My top 10 favorite guitar solos of all time.

The other day, I got an email from Gibson about the 50 greatest guitar solos of all time. I couldn’t resist, so I read it, then I read Guitar World’s list, then I got to thinking about my own. I’m lazy, so my list is going to be limited to ten. Further, for my list, I thought hard about great soloing vs. a great solo. To me, a great solo has to be as much a part of a song as the vocal melody. It also has to be infused with the emotion of the song, and, as a result, further the entire song, not just a part of it. I think a great solo also has to be something you can hum in your head (within reason!) and that you like humming. So, with all that as criteria, here are my top ten solos (in no particular order and I’m sure I’ve forgotten something):

Van Halen - “You Really Got Me”
When I first heard Van Halen, I simply could not believe that a guitar player could be so good. I still can’t, really. Eddie Van Halen is the greatest hard rock guitar player I have ever heard. No one else can touch his technique, which is driven not by the whammy bar or the tapping or the “brown sound”,  but by rhythm. Truly, no other hard rock player is anywhere near as rhythmic as Eddie Van Halen. And for money, all of Eddie’s prodigious talents come together in glorious gobs of guitarista goodness on “You Really Got Me”. The solo starts out all Chuck Berry and then just sales off into mad L.A. hair-ness, leaving every shredder before and after in the smoggy dust.

Pink Floyd - “Time”
I remember once telling a friend how “Time” was my favorite David Gilmore solo and he just nodded a little sadly and said, “Grasshopper, listen to Comfortably Numb.” I did, and for awhile I, too, joined the sage masses who proclaimed Numb to be Gilmore’s best.  No more. To me, the solo on “Time” is The One. Can you imagine it being played any other way? I can’t. The watery flow of Gilmore’s Echoplexed Strat sounds like the flow of time itself.

The Eagles - “Hotel California
Over the years, my appreciation for the genius of the solos on this song has only grown. Yes, many, many bands have put down harmony solos, but “Hotel California” trumps them all. Crushes them, really, under the able hands of Don Felder and Joe Walsh. Whenever this song comes on the radio, I listen to it all the way through, because once Don Henley gets done pissing and moaning about who the fuck knows what, the guitars start and all is right with the world.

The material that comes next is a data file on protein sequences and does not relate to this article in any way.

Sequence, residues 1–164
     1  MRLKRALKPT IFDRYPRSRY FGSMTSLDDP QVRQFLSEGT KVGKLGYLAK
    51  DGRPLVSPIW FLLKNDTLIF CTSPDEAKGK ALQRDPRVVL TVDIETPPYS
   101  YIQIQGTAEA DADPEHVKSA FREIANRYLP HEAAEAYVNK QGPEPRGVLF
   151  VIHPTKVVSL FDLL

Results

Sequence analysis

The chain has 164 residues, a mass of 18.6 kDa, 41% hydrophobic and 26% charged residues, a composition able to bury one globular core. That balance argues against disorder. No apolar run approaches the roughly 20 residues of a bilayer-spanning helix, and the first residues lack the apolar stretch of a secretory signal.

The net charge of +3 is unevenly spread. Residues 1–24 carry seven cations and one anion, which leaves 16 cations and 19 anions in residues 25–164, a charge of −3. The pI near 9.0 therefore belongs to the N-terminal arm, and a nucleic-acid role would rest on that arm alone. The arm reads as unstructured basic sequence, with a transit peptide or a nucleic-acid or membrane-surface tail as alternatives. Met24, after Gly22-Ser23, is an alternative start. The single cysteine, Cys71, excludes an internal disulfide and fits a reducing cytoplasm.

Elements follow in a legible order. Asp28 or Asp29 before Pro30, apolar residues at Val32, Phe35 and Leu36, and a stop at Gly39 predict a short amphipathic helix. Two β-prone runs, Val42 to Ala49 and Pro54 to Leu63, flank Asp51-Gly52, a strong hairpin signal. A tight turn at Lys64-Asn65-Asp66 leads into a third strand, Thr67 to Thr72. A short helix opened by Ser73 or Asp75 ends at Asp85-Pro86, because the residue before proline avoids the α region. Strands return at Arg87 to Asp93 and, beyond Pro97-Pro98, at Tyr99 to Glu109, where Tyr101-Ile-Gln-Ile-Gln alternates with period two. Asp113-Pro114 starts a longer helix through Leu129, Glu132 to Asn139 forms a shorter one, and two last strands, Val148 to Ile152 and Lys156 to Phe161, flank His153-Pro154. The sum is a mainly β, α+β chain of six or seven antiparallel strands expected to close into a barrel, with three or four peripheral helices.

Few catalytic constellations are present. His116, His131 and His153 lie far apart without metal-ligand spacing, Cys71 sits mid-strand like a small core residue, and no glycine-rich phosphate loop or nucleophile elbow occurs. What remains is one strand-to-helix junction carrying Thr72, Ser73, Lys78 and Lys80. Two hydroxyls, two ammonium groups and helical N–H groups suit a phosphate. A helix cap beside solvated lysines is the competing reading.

Led Zeppelin - “Rock and Roll (Song Remains The Same)
There is no sloppier live guitarist than Jimmy Page. I mean, his playing can be amateurish and not in a good way. Missed notes, muffed chords, bent bends -- all are hallmarks of James Patrick Page’s live legacy. But on the opening track of “The Song Remains the Same”, Page’s plectrum problems are all but forgotten has he rips through “Rock and Roll” and combines noise, music and ‘tude to create one Zep’s finest moments (at least that I’ve heard).

Aerosmith - “Walk This Way”
I think Joe Perry kicks ass and the fact that his band writes such good songs has overshadowed just how great he really is. He has many, many fine moments, but the solo that ends Walk This Way stands apart. It’s a much thicker tone than you normally hear in Rockdom and there is no flash. It’s all about groove and space and hitting just the right notes. Oh, and the fills are killer, too

Neil Young - “Powder Finger” (Rust Never Sleeps), “The Loner” (Live Rust)
I debated between these songs, but in the end had to go with both. Hell, I’ll just say it: Neil Young is my favorite electric guitarist of all time. Sure, I spend more time listening to Keith and the Stones and my own playing has been way more influenced by The Human Riff than anyone else, but for pure electric genius, it’s Neil Young. Why? Because he understands that the electric guitar is as much about noise as it is about music and to get the right noise you have to play more than strings, you have to play your amp. In both of these performances, the noises are as important has the notes as Neil coaxes his melting tubes to transmute the sounds in his head in to sounds everyone else can hear.

Richard and Linda Thompson - “Walking on a Wire
When I was in college in the ‘80s, Rolling Stone magazine reviewed all of Richard and Linda Thomson’s albums in a single issue. I think the albums had all been re-released, but regardless, the review was maybe the most positive I had ever read. I bought all the albums straightaway and they have been among my favorites ever since, not only for the songs but also for Richard Thompson’s guitar playing. He is one of the greatest in history, of that I am sure, and for my money, his finest moment is on Richard and Linda Thompson’s last album, “Shoot Out the Lights”. In fact, I think this is the greatest guitar solo of all time.

The Beatles - “While My Guitar Gently Weeps”
I’m not a fan of Clapton. I know that’s a sacrilegious thing to say (he is God, after all), but he just doesn’t do it for me. Except for this performance. Is there a more perfectly matched solo and song out there? I can’t think of it.

Peter Frampton - “Do You Feel Like We Do” (Frampton Comes Alive)
I have heard this performance way more times than I can remember, and every time it captivates me completely. Frampton’s playing and tone are just so musical and sparkling and right. Oh, and to be clear, I’m not talking about the first solo, no, it’s the second solo that gets me, the long, drawn out one, the kind of thing I normally hate! In less able hands, this would be a wankfest, but Frampton keeps things interesting with peerless note choices and dynamics. Truly incredible. I only wish he didn’t use that infernal Talkbox. He doesn’t need it.